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What was the colloquial German name for a Mark IV ?


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I've read several of the Stackpole Military series, like Tigers in the Mud, Infantry Aces, Panzer Aces and Grenadiers etc, recreating the battles from the perspective of Knight's Cross winners... so Germans then...

They only ever refer to them as Mark IV's from what I've seen and read. Much of these books are based on Combat accounts and sometimes recollections, but in the transcripts from battle diary's they are Mark IV's.

I've once seen them refered to as 'The Work Horse of the German Army', but that was probably on a Tamiya set of instructions... ;)

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Originally posted by Richie:

I've once seen them refered to as 'The Work Horse of the German Army', but that was probably on a Tamiya set of instructions... ;)

You can just see the guy briefing them,

"you got 12 The Work Horse of the German Army now get in there and finish them off .... "

War would before before he even got to the last bit!

tongue.gif

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afaik there was no really popular, widespread colloquial name for the Pz IV.

HOWEVER, there is one almost obscure nickname it earned very early - "Rotbart".

literally "red beard", nickname of a popular historic medieval royal figure, emperor barba-rossa (sic!)

however, the nickname came from a popular commercial in the later 1930ies for a razor blade (still on sale today) marketed under that brand name.

Rasierklingen-Rotbart-Extra-Duenn_151__78102456_60.jpg

I am going by memory here so I cant say for sure wether the original slogan was "Rotbart - hauchdünn" or "Rotbart - hauchzart", it possibly also had the addition "extra dünn" (extra thin).

both slogans refer to the fact that the razor blade was very thin.

which was also what the Pz IV's armor was - rather thin. hence the mocking nickname. this especially applied to the early versions up to Ausf. D.

which is why I suspect it was mostly conceived w/r/t the early models.

It does seem to me that while the nickname *did* exist, it was *not* very widespread/popular, it also seems a rather unwieldy word.

kinda like nobody calling the UH-1 helicopter ("Huey") an "Iroquois".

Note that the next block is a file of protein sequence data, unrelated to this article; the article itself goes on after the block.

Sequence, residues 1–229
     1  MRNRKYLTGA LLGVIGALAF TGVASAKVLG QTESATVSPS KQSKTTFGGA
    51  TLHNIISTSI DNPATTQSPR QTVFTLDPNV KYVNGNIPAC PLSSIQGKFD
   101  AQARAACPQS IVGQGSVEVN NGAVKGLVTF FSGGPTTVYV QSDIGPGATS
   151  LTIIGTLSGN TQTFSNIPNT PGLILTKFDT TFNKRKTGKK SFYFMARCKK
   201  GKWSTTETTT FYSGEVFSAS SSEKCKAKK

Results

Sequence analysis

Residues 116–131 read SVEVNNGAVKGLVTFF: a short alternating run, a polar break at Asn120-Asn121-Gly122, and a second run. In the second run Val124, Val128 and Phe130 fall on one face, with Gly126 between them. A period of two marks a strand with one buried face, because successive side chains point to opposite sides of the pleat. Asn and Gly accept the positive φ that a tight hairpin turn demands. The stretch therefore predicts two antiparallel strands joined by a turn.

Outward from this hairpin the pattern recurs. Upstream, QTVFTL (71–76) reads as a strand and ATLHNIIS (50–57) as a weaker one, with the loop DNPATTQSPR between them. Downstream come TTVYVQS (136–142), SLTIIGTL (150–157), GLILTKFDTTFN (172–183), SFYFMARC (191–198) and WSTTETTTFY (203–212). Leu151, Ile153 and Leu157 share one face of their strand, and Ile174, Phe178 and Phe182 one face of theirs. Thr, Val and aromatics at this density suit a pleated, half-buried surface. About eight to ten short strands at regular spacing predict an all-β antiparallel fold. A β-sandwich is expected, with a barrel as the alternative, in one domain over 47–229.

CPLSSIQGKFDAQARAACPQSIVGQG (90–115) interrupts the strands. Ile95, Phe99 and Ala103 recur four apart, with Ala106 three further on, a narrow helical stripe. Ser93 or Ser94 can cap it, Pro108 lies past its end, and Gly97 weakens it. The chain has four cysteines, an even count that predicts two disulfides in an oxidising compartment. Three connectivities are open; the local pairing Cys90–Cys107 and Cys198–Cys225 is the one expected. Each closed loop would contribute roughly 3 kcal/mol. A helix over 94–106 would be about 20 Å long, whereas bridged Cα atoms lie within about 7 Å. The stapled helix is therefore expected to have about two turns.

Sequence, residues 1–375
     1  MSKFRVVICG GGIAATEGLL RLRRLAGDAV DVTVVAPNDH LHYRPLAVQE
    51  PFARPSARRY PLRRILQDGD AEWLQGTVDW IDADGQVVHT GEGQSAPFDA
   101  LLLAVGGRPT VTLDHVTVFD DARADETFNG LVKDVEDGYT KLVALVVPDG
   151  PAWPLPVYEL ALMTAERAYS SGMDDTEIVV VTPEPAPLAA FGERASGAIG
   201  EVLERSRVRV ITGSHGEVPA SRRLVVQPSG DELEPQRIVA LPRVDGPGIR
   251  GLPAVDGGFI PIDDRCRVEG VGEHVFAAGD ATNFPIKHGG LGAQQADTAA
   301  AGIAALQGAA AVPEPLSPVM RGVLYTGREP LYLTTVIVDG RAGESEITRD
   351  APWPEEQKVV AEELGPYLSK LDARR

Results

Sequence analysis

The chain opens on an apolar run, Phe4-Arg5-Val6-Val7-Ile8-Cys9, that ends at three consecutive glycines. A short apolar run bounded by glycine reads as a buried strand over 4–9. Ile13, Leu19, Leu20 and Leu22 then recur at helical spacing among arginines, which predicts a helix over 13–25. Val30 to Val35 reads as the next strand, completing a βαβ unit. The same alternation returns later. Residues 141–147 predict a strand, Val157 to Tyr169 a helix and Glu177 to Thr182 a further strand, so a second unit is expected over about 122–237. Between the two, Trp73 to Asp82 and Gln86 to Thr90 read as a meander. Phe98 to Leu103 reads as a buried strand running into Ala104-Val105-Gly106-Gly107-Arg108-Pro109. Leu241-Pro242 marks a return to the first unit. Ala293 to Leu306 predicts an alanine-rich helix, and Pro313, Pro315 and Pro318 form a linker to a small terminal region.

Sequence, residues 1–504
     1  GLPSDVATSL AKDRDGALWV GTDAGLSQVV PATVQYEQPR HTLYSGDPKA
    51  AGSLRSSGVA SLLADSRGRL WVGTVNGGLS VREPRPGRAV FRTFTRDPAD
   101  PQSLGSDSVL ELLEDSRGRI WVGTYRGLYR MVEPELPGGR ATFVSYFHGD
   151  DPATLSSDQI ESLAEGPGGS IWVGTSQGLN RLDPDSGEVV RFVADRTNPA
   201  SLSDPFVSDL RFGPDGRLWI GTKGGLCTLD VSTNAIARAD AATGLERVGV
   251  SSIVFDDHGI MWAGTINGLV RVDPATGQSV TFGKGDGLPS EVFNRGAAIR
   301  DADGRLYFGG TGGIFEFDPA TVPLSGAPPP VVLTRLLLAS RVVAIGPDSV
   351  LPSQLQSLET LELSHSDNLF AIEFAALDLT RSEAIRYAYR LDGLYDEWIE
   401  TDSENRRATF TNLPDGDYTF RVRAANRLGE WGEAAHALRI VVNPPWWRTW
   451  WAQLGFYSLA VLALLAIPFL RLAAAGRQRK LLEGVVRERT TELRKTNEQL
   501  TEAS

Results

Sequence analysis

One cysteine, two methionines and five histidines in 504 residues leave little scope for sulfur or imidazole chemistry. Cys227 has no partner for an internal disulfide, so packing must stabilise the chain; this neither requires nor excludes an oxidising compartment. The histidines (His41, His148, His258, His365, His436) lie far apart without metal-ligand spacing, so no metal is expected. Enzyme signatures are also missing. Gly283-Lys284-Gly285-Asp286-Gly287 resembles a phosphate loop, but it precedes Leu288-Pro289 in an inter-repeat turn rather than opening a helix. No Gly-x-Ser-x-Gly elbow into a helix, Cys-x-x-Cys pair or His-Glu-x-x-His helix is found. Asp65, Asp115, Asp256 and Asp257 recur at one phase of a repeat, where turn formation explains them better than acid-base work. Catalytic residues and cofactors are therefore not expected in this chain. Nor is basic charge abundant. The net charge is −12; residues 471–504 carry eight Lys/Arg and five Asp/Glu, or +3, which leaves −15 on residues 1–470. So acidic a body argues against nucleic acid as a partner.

Originally posted by Michael Dorosh:

"Mark" is a British word - the Americans may have used it also, but the Germans emphatically did NOT. 'Panzer 4' or "P4" seems more likely. Where is Dandelion when you need him?

"Panzer 4" is a good guess that I would venture, too.

"P4" is just plain funny, though. suggests a pistol type.

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This was posted by Christian Ankerstjerne in a discussion board at missing-lynx.com.

quote

Pz.Kpfw. I Landwirtschaftlicher Schlepper

Pz.Kpfw. II Landwirtschaftlicher Schlepper 100

Pz.Kpfw. III Zugführerwagen

Pz.Kpfw. IV Begleitswagen

Pz.Kpfw. Panther

Pz.Kpfw. Tiger Ausf. E

Pz.Kpfw. Tiger Ausf. B

unquote

While I'm still chuckling over the names of the Panzer I and II, I have no idea how seriously to take this list. I wonder to what extent these words represent actually linguistic usage. They look a bit like official names rather than colloquial ones.

Any comments?

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The designations for the I and II mean agricultural tractor. They are the names they were given during developemnt and production to hide from the rest of the world that the Germans were making tanks. In exactly the same way that the word 'tank' came into being to hide from the Germans that the British were making a secret weapon.

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Officially it was Panzerkampfwagen IV, abbreviated to Panzer IV. Which is how it's called in Germany now, which means they called it the same back then. Just like the Tiger or the Stuka. Or the Typ VII U-Boot.

'Mark' can be translated as 'Typ'(english 'type'), so it is a 'Panzer vom Typ IV'. Literally 'Tank of the type IV'.

Another designation might have been Metallsärge - metal coffins.

Begleitwagen and Zugführerwagen, heh, didn't know that. It surely sounds less dangerous than Panzerkampfwagen - Armored Fighting Vehicle.

[ August 22, 2007, 11:36 AM: Message edited by: Subcomandante ]

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Originally posted by Bigduke6:

And just so everything is clear, the Russian word for tank is, unsurprisingly, "tank". Thus no extra points for guessing what the "T" stands for.

ooh ooh gotta tell you lot a story here.